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Henson v. Davis

Court of Appeals of Kansas

October 16, 2015

Andrew Henson, Appellee,
v.
Ronald Davis, M.D., Appellee. and Belger Cartage Service, Inc., Appellant,

         SYLLABUS BY THE COURT

         K.S.A. 44-504(b) provides employers a subrogation right-the right of a party who pays an obligation to recover from another party who ought to have paid-when the employee sues a third party who was responsible for all or part of the employee's injury. Under that statute as interpreted in Wishon v. Cossman, 286 Kan. 99, Syl. ¶ 2, 991 P.2d 415 (1999), the employer's subrogation interest applies "only to the extent that the worker's recovery duplicates compensation and medical expenses paid by the employer under the Workers Compensation Act." When the employee's recovery in a lawsuit against a third party does not include any award for future medical expenses, the employer is not entitled to any credit against future medical expenses that might be provided to the employee under the Workers Compensation Act.

         Appeal from Sedgwick District Court; Mark A. Vining, judge.

          Patrick J. Murphy and Ryan D. Weltz, of Wallace, Saunders, Austin, Brown & Enochs, Chartered, of Wichita, for appellant.

          Blake A. Shuart, of Hutton & Hutton Law Firm, L.L.C., of Wichita, for appellee Andrew Henson.

          Before Malone, C.J., Leben, J., and Hebert, S.J.

          OPINION

          Leben, J.

         Andrew Henson was badly injured at work when he was pinned between a printing press and a large crate. Accordingly, his employer, Belger Cartage Service, Inc., had to pay for his medical treatment and provide disability compensation under the Workers Compensation Act.

         Henson believed the first doctor who treated him committed medical malpractice, and he sued the doctor. A jury agreed with Henson and awarded substantial damages.

         After trial, Belger Cartage asked that the district court give it credit in the amount of the remainder of the lawsuit recovery against future medical expenses it might otherwise be required to pay for Henson's continued treatment. The district court denied that request, and Belger Cartage has appealed to this court. Based on our Supreme Court's ruling in Wishon v. Cossman, 268 Kan. 99, Syl. ¶ 2, 991 P.2d 415 (1999), we conclude that the district court ruled correctly.

         Henson did not seek recovery in his medical-malpractice case for any future medical expenses, so the jury did not award him any. Yet Belger Cartage seeks a credit against those very expenses through its lien rights under K.S.A. 44-504(b). Our Supreme Court said in Wishon that an employer's interest under K.S.A. 44-504(b) applies "only to the extent that the worker's recovery duplicates compensation and medical expenses paid by the employer under the Workers Compensation Act." 268 Kan. 99, Syl. ¶ 2. Because Henson did not get any money in the lawsuit for future medical expenses and medical expenses are the only future costs Belger Cartage might have to pay, Belger Cartage is not entitled to any credit based on the malpractice recovery.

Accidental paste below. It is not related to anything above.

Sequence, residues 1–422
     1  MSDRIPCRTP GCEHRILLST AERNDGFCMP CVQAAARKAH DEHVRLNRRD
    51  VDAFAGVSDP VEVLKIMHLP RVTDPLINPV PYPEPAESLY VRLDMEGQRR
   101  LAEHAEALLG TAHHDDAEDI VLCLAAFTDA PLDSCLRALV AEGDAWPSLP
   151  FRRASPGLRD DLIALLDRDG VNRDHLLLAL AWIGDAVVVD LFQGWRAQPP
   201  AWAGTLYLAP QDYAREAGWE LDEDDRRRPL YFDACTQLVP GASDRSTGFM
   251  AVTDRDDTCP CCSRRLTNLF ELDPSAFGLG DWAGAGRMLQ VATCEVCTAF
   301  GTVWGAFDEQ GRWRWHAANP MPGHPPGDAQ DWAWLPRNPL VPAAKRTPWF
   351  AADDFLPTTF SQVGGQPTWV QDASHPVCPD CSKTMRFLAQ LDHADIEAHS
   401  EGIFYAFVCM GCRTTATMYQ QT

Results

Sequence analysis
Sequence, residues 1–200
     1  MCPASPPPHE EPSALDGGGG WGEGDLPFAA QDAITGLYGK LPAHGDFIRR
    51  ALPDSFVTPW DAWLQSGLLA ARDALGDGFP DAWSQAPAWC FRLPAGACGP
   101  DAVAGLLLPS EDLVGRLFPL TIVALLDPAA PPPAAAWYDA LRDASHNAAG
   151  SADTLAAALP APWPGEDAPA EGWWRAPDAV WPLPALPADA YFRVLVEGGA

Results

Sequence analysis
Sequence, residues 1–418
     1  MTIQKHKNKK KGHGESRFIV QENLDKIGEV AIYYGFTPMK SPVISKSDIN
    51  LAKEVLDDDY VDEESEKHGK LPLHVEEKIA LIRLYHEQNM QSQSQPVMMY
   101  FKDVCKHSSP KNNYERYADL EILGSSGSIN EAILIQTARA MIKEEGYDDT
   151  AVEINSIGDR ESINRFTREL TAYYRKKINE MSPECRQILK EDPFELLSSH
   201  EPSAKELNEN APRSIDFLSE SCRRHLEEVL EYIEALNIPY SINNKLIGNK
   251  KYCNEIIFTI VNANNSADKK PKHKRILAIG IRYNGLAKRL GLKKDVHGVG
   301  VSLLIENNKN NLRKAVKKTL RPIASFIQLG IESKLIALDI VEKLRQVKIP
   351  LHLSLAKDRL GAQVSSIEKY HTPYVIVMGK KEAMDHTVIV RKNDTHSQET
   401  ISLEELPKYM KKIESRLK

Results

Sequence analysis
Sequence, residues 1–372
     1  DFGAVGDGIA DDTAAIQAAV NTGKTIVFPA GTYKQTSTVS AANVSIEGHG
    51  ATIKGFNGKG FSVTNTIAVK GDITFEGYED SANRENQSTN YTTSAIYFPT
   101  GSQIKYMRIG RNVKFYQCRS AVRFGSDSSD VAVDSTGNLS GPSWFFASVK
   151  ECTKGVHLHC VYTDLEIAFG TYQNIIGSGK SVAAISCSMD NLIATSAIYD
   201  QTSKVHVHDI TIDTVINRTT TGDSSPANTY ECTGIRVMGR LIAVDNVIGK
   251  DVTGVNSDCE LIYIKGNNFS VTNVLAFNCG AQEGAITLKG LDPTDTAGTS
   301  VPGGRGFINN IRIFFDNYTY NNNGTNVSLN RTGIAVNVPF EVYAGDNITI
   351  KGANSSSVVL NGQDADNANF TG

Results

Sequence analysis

Factual and Procedural Background

         To answer the limited question at issue in this appeal, we need only sketch an outline of the background facts in the case.

         Henson had been helping load a printing press while a coworker was driving a forklift to move a large crate. The forklift driver went too fast, causing the crate to slide in Henson's direction and pinning him against the printing press. Henson was knocked out and woke up lying on the ground struggling to breathe. Coworkers loaded him into a pickup truck to take him to a hospital emergency room, but a Belger Cartage manager redirected them to a nearby clinic. A doctor at that clinic treated Henson that day and for several days afterward, returning Henson to work. See Henson v. Belger Cartage Service, Inc., 2011 WL 5341314, at *2-3 (Kan. Work. Comp. App. Bd. 2011).

         Later, Henson was hospitalized, underwent surgery, and had a pacemaker implanted. Although he went back to work, he was restricted to lifting no more than 15 pounds; Henson was eventually laid off and did not work again.

         Henson recovered damages for his injuries in two proceedings. The first was a workers-compensation case to determine what his employer should pay for his on-the-job injuries. In that case, Belger Cartage paid Henson $125, 000 in disability benefits; it also paid medical expenses costing $192, 000. The second case was a medical-malpractice case for negligence, as Henson believed the negligence of the initial treating doctor had caused him harm. There, Henson recovered $735, 900, a portion of which represented loss-of-consortium damages. Loss-of-consortium damages were awarded to compensate Henson's wife for the loss of household services from Henson, and they are not compensable under the Workers Compensation ...


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